Figure 16 – Spot welding the edges to create the tubing shapes
To create a 3-dimensional tube out of sheet metal pieces, the three or four pieces that make up a tube must be welded together at their corners. This is done by tack welding one of the ends and then bending the strip along the arc as you continue to add a tack weld every inch or so. By tack welding as you bend the strip, it will seem easy to work around the arcs and corners, even if the piece you are bending seems fairly stiff. After you have made the first few tack welds, check the two parts with a square or a bit of square tubing to ensure the tubing pieces are at 90 degrees to each other. Of course, you may want to make a triangular shaped tube, so only three pieces are needed.
Figure 17 – Tack welding all parts together
Figure 17 shows the first strip tack welded to the fork tip (top photo) and the second strip on the other side (bottom photo). Although this tack welding process is certainly ugly, it makes a surprisingly strong shape that would probably hold up without any other welding done along the corner. I wanted my entire frame tubing to look perfect all the way around, but maybe this rough tack welded look could be used in some kind of rough-look theme? So many ideas, so few hours in the day.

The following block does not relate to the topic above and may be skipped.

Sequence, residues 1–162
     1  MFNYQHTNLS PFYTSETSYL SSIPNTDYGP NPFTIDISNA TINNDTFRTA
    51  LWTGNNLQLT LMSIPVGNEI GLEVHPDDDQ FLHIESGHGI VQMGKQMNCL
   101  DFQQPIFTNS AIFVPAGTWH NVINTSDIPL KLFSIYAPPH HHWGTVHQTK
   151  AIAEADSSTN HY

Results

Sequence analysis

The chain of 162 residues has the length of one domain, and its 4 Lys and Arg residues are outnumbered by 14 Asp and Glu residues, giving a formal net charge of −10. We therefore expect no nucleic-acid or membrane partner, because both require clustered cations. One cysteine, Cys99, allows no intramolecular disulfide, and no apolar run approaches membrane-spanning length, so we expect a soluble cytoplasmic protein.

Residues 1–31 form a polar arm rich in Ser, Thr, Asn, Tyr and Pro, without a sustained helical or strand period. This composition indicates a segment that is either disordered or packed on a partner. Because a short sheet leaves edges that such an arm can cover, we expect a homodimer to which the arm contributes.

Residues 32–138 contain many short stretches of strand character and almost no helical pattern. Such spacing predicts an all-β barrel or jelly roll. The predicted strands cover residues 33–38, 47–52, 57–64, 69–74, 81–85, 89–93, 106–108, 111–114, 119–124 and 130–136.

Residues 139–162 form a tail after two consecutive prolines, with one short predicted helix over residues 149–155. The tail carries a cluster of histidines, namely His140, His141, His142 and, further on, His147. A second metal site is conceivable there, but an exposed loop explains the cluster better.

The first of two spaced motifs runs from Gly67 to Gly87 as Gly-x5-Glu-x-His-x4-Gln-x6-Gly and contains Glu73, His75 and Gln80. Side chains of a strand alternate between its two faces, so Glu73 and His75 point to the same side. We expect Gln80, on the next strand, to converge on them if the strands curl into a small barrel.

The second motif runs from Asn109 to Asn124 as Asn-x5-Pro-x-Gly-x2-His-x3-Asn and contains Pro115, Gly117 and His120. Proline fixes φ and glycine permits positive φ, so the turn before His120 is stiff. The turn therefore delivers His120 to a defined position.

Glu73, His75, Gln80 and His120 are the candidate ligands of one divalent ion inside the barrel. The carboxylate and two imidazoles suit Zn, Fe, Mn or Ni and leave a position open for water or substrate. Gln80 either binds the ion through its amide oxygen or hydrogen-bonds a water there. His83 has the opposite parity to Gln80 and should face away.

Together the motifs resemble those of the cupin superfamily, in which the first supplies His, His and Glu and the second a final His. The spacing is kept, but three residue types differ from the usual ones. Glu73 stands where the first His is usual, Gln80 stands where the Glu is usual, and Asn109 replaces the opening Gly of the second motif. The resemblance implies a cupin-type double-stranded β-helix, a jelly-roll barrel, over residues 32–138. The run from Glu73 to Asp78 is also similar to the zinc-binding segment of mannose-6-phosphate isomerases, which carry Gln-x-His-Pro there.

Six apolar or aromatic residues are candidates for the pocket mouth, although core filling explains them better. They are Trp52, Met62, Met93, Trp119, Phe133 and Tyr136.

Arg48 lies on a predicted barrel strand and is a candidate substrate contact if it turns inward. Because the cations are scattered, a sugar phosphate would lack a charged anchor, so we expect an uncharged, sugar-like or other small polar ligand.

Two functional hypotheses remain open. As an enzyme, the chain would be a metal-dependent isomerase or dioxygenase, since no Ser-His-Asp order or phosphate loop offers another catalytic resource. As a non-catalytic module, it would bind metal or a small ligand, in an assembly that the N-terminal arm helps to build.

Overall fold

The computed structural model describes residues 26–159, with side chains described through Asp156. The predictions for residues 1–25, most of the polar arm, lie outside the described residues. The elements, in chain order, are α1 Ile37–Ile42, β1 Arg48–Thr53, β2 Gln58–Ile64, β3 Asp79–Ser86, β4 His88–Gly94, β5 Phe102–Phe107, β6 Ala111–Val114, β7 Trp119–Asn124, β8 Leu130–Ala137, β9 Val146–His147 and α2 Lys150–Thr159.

Figure 18 – Using a clamp to help force the pieces together
When you begin welding the top of bottom of a custom tubing shape, you may need to use a clamp to force the pieces into alignment as the tack welding does make a very strong shape. Figure 18 shows how a clamp can help push the edges together after welding the other side. Some distortion is bound to happen as you add all of the tack welds along the thin sheet metal joints.
Figure 19 – The bottoms of the front forks completed
Figure 19 shows the result of cutting and tack welding eight pieces of sheet metal together – half of a front fork. The front wheel will sit between the two curved forks, and the upper area will curve outwards to create the handlebars. I am still working with no plan whatsoever, but do know that the front forks need to be the same distance apart as they are in a typical bicycle, so that will help determine the basic shape of the pieces that will join the two fork legs together over the next few steps.
I know – this hasn’t really been too much work so far, but just wait until the welding of the edges begins! You will feel like you put in a good day’s work when we get a little deeper into the journey, I promise.
Part 4 coming soon…